He trusted no one but said what he had to to get by.

Though different in style, they were equally adored by women.

Bastiano seduced.

Raul simply returned the favour.

There had been no rivalry between the young men—both could have their pick of the valley and the fruits were plenty.

Yet Bastiano had used his dark charm on the weakest and had taken Maria as his lover.

Pillow talk had been gathered and secrets had been prised from loose lips.

Not only had Maria had an affair—she had taken it beyond precarious and slept with a member of the family that Gino considered his enemy.

When the affair had been discovered—when the rumours had reached Gino—Loretta had called her to warn her Gino was on his angry way home. Maria had taken out a car she didn’t know how to drive.

An unwise choice in the valley.

And Raul knew the accident would not have happened but for Bastiano.

‘Raul...’ Loretta spoke softly, for she felt the tension rip through him and could hear his ragged breathing. She held on to his hand, while knowing nothing could really stop him now. ‘You are Sicilian, and that means you have a lifetime to get your revenge—just don’t let it be today.’

‘No,’ Raul agreed.

Or did he refute?

Raul’s words were coming out all wrong, his voice was a touch hoarse, and as he looked down he could see the veins in his hand and feel the pulse in his temples. He was primed for action, and the only thing Raul knew for sure was that he hated Bastiano with all that he had.

He dropped Loretta’s hand and brushed past her, then shrugged off someone else who moved to try to stop him.

‘Raul!’ The priest shot him a warning. ‘Not here—not now.’

‘Then he should have stayed away!’ Raul responded as he strode through the cemetery towards the man who had sent his mother to an early grave.

Raul picked up speed—and God help Bastiano because hate and fury catapulted Raul those last few steps.

‘Pezzo di merda...’ Raul shouted out words that did not belong in such a setting.

Any sane man who saw murder approach would surely turn and run, but instead Bastiano walked towards Raul, hurling insults of his own. ‘Your mother wanted—’

Raul did not let him finish, for Bastiano had already sullied her enough, and to silence him Raul slammed his fist into Bastiano’s face. He felt the enamel of Bastiano’s tooth pierce his knuckle, but that was the last thing he felt.

It was bloody.

Two parts grief, several belts of rage and a hefty dose of shame proved a volatile concoction indeed.

Raul would kill him.

That was all he knew.

Yet Bastiano refused to go quietly and fought back.

There were shouts and the sounds of sirens in the distance as the two men battled it out. Raul felt nothing as he was slammed against a gravestone. The granite tore through the dark suit and white shirt on his back with the same ease that it gouged through muscle and flesh.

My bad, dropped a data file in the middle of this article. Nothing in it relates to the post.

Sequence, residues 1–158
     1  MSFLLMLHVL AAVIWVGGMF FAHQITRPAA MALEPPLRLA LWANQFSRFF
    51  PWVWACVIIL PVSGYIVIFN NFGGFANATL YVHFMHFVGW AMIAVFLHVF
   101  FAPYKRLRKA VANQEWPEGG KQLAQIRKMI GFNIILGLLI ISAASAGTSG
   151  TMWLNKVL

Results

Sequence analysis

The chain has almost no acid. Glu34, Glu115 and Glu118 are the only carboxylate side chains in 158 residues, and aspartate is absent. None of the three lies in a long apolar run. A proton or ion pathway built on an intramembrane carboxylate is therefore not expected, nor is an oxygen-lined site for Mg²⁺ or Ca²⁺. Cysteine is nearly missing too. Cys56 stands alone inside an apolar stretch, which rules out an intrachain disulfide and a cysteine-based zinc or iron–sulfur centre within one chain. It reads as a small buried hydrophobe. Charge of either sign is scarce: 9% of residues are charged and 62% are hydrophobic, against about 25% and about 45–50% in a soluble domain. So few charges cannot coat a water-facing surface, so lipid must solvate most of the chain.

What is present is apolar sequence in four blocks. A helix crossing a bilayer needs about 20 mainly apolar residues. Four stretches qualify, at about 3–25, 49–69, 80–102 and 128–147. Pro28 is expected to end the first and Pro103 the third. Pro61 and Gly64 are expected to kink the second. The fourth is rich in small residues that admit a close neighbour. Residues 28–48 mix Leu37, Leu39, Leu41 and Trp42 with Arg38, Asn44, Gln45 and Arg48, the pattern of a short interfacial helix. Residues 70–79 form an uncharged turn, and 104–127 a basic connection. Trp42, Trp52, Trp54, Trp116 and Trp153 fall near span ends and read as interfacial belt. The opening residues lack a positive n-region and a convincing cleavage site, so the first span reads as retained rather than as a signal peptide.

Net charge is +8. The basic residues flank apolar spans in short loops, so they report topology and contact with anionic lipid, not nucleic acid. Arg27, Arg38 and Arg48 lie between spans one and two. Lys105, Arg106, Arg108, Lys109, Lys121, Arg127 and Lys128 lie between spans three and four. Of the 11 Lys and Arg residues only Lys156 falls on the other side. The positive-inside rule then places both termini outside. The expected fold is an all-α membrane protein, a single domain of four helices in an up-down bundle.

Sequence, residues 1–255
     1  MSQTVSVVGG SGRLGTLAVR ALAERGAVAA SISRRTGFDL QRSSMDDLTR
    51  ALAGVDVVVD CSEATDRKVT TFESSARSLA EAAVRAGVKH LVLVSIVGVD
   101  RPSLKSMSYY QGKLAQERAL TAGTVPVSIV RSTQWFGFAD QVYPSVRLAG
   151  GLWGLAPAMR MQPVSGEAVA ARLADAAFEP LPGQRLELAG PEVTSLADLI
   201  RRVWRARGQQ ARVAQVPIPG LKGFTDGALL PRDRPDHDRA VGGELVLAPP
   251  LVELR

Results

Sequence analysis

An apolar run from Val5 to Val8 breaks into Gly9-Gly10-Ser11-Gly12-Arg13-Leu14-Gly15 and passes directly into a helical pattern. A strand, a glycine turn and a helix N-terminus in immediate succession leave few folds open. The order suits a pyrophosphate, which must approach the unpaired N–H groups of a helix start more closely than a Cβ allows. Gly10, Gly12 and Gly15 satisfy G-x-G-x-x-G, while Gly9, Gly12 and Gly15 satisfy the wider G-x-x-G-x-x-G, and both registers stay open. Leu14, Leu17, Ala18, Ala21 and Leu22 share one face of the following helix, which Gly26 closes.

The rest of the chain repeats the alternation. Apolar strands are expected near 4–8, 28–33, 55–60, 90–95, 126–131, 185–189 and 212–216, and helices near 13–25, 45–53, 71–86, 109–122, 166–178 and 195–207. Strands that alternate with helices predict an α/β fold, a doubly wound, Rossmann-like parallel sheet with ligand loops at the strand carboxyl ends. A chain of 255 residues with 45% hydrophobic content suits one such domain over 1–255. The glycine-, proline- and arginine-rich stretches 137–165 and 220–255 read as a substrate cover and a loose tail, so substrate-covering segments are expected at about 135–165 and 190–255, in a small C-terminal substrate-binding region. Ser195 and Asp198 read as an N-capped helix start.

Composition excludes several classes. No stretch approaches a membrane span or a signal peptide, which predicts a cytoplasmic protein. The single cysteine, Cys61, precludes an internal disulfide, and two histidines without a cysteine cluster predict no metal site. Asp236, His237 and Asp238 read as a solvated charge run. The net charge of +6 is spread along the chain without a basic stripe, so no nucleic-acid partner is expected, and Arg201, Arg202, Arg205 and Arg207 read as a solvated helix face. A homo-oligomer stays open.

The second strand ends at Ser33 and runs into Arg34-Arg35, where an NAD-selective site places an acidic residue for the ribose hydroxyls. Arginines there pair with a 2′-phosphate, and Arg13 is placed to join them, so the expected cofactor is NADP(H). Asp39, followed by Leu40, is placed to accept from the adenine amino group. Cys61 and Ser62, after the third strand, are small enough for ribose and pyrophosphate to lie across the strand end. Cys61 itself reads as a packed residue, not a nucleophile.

It didn’t matter.

His back was already a map of scars from his father’s beatings, and adrenaline was a great anaesthetic.

Only vaguely aware of the wound that ran from shoulder to flank, Raul hauled himself up to stand, took aim again and felled his rival.

Yet Bastiano refused to submit.

Raul pinned Bastiano and slammed his fist into his face, marring those perfect features with relish, and then he held him to the ground and told him he should have stayed the hell away from his mother.

‘Like you did!’

Those words were more painful than any physical blow, for Raul knew that he had done just that—stayed away.



The City of Love.

Wrapped in a towel, and damp from the shower, Lydia Hayward lay on the bed in her hotel suite and considered the irony.

Yes, she might be in Rome, and meeting tonight with a very eligible man, but it had nothing to do with love.

There were more practical matters that needed to be addressed.

Oh, it hadn’t been said outright, of course.

Her mother hadn’t sat her down one evening and explained that, without the vast and practically bottomless pit of money that this man could provide, they would lose everything. Everything being the castle they lived in, which was the family business too.

And Valerie had never said that Lydia had to sleep with the man she and her stepfather were meeting tonight.

Of course she hadn’t.

Valerie had, however, enquired whether Lydia was on the Pill.

‘You don’t want to ruin your holiday.’

Since when had her mother taken an interest in such things? Lydia had been to Italy once before, on a school trip at the age of seventeen, and her mother hadn’t been concerned enough to ask then.

Anyway, why would she be on the Pill?

Lydia had been told to ‘save’ herself.